Blood glucose monitoring is an essential element of an effective diabetes self-management pair. Often people wind up collecting data that can be difficult for them to understand. Discover the concept of testing in pairs and how it can help you better manage your diabetes.

  • The term “testing in pairs” was originated by Dr. Bill Polonsky of the Behavioral Diabetes Institute in San Diego, California. It refers to the concept of taking two sets of blood glucose readings to tell a story about what is happening in your body. For example, taking your blood sugar readings before and after exercise lets you know the impact physical activity is having on your blood glucose levels.
  • Test-in-pairsMonitoring in pairs helps give context to each number rather than a number that stands alone and involves speculation about why your blood sugar levels are high or low. You may want to take your blood glucose readings before and after a meal to determine how different foods impact your blood sugar levels. Always wait 2 hours after your first bite as the after meal reading to get an accurate number. You could also try taking your blood glucose readings before going to bed at night and then the next morning. If your blood sugar rises during that time it could indicate your liver is releasing excess glucose into your system as you sleep.
  • Testing in pairs helps you know more about the effects of the foods you eat. Knowing your blood sugar levels before and after a meal helps you determine if the choice of foods or your mealtime diabetes treatment should be adjusted. This information should be shared with your diabetes health care team to help them update your self-management plan.
  • Make sure to always have plenty of diabetes supplies on-hand to test your blood glucose levels. Record the results and report them to your doctor during regular visits. Report unusual fluctuations to your doctor to address any problems that may require changing your current treatment plan.
  • There is a situation when a single blood glucose reading has important value. A singular reading can identify hypoglycemia. If you feel jittery, weak, irritable, hungry, sweaty, shaky or dizzy, check your blood sugar levels to see if they are low. The idea of testing in pairs comes again when you check your blood sugar after the crisis has been averted by taking 15 grams of fast-acting carbohydrate such as 3-4 glucose tablets. The second test will determine how effective your treatment was.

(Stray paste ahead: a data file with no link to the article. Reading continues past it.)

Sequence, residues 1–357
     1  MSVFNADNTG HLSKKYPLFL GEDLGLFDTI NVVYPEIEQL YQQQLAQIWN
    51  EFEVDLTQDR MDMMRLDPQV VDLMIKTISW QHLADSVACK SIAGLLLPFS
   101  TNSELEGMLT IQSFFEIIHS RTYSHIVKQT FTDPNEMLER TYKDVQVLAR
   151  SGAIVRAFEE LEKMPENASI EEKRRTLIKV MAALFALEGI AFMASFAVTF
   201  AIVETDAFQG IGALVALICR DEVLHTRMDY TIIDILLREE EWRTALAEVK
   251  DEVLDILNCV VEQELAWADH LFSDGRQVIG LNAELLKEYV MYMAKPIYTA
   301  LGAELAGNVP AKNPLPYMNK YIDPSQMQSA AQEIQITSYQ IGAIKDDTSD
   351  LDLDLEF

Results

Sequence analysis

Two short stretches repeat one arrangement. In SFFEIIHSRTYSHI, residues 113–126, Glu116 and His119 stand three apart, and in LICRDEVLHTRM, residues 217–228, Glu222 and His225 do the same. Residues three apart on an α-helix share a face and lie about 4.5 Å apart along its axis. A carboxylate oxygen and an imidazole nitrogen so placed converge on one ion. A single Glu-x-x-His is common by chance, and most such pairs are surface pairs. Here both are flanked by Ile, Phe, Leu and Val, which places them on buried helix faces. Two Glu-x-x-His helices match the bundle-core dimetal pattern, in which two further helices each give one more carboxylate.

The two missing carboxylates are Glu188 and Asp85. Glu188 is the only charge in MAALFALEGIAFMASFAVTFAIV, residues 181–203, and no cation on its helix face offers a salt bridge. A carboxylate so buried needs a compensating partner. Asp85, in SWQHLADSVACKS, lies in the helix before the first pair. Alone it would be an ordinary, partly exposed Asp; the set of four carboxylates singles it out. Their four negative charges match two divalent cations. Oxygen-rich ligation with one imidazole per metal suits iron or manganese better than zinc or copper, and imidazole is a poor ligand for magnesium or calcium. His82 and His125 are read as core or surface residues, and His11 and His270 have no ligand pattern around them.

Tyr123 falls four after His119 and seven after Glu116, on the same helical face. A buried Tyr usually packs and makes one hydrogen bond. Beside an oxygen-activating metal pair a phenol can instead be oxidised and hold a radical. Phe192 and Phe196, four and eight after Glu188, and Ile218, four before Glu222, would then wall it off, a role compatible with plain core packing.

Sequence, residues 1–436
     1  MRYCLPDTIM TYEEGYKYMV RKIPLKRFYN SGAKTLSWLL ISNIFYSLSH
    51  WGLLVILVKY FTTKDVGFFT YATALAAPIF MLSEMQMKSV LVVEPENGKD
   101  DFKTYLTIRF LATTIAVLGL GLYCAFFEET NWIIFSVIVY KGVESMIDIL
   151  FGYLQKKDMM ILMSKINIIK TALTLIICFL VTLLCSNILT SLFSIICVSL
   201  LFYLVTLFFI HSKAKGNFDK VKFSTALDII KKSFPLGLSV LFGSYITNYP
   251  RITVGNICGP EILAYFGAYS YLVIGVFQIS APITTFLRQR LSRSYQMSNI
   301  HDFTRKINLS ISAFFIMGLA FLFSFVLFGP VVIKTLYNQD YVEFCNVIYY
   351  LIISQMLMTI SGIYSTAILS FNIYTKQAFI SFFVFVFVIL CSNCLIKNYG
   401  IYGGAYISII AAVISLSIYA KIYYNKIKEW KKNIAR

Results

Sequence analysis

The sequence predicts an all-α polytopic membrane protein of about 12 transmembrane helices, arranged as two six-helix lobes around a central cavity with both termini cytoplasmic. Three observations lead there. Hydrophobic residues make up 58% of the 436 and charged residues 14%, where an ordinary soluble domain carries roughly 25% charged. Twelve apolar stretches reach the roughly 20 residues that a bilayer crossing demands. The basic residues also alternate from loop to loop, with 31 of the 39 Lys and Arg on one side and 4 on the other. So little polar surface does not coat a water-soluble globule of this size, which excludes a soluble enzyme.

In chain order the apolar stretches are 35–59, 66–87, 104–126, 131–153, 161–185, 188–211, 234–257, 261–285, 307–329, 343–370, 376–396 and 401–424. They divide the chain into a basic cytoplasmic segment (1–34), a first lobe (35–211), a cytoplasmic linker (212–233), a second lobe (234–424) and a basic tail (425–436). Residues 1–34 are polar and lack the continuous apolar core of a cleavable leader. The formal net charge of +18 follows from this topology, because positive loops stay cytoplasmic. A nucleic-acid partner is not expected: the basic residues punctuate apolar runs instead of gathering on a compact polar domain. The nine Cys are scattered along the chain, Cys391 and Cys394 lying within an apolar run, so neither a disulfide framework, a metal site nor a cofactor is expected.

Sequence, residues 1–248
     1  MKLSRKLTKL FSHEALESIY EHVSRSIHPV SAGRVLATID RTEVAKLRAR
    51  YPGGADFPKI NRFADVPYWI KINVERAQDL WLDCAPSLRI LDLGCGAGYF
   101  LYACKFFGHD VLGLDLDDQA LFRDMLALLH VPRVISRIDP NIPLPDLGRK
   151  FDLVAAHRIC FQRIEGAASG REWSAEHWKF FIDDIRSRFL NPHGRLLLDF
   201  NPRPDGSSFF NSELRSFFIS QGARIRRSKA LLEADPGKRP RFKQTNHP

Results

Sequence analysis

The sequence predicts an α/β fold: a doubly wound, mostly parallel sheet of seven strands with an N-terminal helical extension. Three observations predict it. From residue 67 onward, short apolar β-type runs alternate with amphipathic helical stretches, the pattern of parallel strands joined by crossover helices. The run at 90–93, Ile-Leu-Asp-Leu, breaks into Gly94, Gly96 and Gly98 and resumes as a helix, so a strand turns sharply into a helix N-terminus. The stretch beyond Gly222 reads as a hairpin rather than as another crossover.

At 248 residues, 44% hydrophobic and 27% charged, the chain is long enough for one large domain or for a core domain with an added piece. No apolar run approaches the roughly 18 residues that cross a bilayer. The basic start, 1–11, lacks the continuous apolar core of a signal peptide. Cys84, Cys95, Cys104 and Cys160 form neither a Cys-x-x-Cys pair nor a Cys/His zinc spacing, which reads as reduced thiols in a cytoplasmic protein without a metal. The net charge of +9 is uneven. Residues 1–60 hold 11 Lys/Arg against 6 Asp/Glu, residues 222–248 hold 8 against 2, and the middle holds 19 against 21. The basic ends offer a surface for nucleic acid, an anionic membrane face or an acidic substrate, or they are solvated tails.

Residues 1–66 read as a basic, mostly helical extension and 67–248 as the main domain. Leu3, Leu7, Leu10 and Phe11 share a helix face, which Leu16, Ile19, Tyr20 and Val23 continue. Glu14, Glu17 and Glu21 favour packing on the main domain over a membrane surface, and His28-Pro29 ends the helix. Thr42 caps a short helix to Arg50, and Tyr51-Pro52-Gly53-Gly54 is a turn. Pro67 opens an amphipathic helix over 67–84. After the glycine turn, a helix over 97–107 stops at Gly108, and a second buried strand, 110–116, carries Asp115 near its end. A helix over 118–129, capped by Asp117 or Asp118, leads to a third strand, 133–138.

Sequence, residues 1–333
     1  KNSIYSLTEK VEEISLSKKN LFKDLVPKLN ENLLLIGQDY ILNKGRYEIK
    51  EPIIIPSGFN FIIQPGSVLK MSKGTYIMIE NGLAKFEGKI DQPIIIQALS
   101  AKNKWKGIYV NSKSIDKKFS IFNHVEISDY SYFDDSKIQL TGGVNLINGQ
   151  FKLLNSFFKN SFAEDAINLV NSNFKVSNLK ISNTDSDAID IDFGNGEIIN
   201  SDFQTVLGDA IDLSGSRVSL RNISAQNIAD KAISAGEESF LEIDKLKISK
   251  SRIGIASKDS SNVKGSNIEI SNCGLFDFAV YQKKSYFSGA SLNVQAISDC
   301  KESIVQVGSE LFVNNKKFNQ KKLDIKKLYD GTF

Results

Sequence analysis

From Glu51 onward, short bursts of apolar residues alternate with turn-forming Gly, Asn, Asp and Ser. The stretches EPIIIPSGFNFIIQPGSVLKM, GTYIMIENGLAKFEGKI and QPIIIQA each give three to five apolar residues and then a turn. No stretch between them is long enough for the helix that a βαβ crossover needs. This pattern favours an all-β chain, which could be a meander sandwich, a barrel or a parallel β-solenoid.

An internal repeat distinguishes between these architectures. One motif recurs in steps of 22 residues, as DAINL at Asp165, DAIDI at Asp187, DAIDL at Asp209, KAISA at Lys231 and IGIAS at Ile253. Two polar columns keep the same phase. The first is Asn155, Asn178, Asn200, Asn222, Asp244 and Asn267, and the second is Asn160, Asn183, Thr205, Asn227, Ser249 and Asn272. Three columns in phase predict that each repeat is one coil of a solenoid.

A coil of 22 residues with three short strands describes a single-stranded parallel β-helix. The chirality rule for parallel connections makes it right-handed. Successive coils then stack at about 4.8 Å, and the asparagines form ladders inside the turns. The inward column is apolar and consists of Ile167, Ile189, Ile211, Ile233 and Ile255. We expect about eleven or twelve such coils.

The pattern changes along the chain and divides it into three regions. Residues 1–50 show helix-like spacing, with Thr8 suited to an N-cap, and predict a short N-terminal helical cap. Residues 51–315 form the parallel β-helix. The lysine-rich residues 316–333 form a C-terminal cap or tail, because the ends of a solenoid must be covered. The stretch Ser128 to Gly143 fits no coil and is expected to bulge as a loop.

• Often the number of pairs of blood glucose checks you do in a day is determined by your doctor’s advice and your health insurance coverage for diabetes supplies such as blood glucose testing trips. Testing in pairs can also determine the effectiveness of oral medications and insulin to ensure the dosage is correct. The optimal monitoring schedule is based on the individual patient’s situation. For example, those taking three oral drugs should monitor more often than people taking just one. People who take insulin should monitor their blood sugar levels more frequently than those taking oral medication. Patients taking fast-acting insulin should monitor more often than people who just take basal insulin.
  • Lifestyle is often taken into consideration when a blood glucose monitoring schedule is determined. People who work irregular hours in shifts tend to have blood sugar patterns that fluctuate more than people who work regular hours. Those in high-stress jobs may also have more unstable blood sugar patterns. Discuss your lifestyle with your health care team to determine how often you should test your blood sugars.

Testing in pairs is a smart way to monitor your blood glucose levels. Make sure to keep accurate records and share them with your doctor to ensure your diabetes management plan is properly updated. Testing in pairs makes your blood glucose levels more meaningful to improve your overall treatment.